Effects of APIM-containing peptides on the regulation of the PI3K/Akt and MEK/ERK pathways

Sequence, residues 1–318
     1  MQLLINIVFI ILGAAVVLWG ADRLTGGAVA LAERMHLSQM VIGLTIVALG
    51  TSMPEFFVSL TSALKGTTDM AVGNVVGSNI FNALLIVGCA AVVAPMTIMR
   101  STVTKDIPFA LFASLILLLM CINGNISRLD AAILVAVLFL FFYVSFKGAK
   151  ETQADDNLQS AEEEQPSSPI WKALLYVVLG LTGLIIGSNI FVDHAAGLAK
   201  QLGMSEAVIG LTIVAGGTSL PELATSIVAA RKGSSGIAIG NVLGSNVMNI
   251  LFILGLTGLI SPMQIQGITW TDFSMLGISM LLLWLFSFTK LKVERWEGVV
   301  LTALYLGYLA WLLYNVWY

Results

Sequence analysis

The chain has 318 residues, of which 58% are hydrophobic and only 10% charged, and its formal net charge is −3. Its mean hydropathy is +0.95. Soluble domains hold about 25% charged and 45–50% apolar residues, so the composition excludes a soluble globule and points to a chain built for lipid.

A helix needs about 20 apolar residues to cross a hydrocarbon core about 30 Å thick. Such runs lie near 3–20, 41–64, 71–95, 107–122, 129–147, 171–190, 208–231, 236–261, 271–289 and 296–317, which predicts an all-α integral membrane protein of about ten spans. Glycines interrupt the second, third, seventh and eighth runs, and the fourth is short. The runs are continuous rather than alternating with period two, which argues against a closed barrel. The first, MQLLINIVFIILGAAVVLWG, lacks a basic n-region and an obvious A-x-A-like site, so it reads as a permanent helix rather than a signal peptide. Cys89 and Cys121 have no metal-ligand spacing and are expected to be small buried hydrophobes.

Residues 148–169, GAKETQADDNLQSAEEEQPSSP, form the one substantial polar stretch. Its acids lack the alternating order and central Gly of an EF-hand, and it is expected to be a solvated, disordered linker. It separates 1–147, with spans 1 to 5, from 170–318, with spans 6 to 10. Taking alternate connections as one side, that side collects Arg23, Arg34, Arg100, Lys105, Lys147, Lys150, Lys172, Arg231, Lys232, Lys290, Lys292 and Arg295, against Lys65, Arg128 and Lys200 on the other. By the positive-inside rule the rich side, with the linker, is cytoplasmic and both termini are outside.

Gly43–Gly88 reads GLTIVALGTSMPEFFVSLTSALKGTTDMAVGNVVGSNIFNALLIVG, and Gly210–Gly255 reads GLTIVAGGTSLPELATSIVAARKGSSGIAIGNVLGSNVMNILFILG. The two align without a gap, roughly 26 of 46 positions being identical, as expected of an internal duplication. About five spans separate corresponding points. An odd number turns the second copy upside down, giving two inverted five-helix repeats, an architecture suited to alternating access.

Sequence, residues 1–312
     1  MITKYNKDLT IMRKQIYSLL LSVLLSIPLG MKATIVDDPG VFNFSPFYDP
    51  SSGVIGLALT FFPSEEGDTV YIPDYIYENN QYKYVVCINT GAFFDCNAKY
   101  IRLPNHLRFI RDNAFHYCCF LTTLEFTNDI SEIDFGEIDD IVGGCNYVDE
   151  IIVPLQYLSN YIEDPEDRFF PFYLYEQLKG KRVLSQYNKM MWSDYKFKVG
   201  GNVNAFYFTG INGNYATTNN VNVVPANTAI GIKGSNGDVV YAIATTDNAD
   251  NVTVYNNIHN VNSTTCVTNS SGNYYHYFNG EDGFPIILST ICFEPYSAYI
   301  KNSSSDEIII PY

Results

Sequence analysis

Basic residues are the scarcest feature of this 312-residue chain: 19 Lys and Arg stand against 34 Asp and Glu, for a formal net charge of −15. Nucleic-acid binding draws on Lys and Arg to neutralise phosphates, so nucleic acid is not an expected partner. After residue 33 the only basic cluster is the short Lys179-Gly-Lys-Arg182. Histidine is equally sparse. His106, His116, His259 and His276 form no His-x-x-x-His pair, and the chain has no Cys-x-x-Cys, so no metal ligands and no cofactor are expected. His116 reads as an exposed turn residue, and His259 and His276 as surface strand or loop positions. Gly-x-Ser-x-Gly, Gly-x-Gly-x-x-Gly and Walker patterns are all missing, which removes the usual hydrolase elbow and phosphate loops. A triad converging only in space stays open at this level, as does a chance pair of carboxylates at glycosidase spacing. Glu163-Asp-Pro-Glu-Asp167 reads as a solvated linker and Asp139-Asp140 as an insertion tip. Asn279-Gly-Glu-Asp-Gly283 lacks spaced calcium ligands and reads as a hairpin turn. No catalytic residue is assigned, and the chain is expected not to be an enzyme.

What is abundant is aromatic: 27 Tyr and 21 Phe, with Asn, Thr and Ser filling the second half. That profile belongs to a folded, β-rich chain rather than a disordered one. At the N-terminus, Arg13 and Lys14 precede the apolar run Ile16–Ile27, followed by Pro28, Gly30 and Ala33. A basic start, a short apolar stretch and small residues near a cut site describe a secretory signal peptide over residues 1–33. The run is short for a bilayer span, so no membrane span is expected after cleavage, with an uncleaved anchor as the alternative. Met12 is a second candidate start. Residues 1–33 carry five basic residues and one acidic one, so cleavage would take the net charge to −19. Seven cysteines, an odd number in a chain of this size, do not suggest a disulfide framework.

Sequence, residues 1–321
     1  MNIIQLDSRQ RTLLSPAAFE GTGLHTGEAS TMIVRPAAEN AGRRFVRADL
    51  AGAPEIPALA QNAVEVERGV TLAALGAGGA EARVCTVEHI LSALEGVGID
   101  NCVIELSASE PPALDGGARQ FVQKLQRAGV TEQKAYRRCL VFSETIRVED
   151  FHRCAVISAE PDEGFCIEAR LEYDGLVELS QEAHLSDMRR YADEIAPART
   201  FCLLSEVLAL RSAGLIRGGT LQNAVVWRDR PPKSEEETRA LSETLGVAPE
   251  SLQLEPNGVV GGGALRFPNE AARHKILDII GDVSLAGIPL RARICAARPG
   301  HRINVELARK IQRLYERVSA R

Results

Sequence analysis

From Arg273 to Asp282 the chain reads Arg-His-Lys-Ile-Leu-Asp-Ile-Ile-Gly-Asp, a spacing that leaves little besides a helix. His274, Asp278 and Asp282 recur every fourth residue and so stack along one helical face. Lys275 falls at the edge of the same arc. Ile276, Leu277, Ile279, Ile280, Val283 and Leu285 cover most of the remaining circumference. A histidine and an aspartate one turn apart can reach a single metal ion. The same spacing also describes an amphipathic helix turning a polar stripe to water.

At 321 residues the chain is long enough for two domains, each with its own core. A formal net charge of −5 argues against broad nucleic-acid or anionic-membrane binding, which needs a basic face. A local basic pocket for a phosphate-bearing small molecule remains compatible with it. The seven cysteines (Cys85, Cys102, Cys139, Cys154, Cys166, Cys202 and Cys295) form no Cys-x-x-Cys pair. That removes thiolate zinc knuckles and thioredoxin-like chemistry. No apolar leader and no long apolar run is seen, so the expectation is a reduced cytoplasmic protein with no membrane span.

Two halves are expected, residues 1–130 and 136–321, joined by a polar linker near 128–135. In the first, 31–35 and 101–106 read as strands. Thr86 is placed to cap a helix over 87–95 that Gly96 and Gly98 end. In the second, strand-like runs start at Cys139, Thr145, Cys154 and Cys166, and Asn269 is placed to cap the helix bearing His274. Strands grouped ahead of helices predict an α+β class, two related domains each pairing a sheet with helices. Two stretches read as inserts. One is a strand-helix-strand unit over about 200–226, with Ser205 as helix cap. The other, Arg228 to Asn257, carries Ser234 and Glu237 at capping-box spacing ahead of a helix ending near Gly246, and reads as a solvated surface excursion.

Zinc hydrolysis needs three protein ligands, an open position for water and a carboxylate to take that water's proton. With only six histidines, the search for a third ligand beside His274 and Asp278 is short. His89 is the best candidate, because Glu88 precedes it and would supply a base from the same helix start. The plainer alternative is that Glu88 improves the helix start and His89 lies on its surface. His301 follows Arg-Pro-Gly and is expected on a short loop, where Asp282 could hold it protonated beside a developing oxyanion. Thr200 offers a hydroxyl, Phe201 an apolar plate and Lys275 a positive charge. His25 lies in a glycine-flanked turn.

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PI3K/Akt and MEK/ERK pathways are important cellular signaling system which controls many vital cellular processes, including cell survival, proliferation, differentiation and migration. These pathways are often deregulated in many types of cancer. Interestingly, many kinases directly or indirectly involved in these pathways are found to contain the PCNA interacting motif APIM. Peptides containing the APIM sequence are able to sensitize cells to DNA damaging agents including cisplatin. This may partly be due to inhibition of the interaction between PCNA and the APIM-containing kinases by the APIM-peptides. Recently, PCNA was found in cytosol in differentiated neutrophils where it has a role in inducing apoptosis. As several kinases usually found in cytosol contain APIM, this has inspired us to explore PCNA’s unknown role in the signal transduction system. In order to investigate PCNA’s regulatory effect we exposed cells to APIM-peptides (ATX-101) as a single agent and in combination with inhibitors of the PI3K/Akt and MEK/ERK pathways and the chemotherapeutic agent cisplatin. We observed that ATX-101 increased the cytotoxicity effect of cisplatin in cancerous cell (DU145 and JJN3), but not in noncancerous cell (HEK293). Furthermore, the effects of ATX-101 and cisplatin on ERK1/2 and Akt phosphorylation are clearly different in these three cell line. Importantly, ATX-101 had clear inhibitory and stimulatory effects on the the PI3K/Akt and MEK/ERK pathways, and the effects changed over time. When comparing the effects of ATX-101 with the MEK, PI3K and Akt inhibitors we found that in some cases ATX-101 behave similarly with regard to ERK1/2 and Akt phosphorylation, but in other cases clear differences were seen. Because ATX-101 targets PCNA, these data strongly support that PCNA have a regulatory role in signal transduction.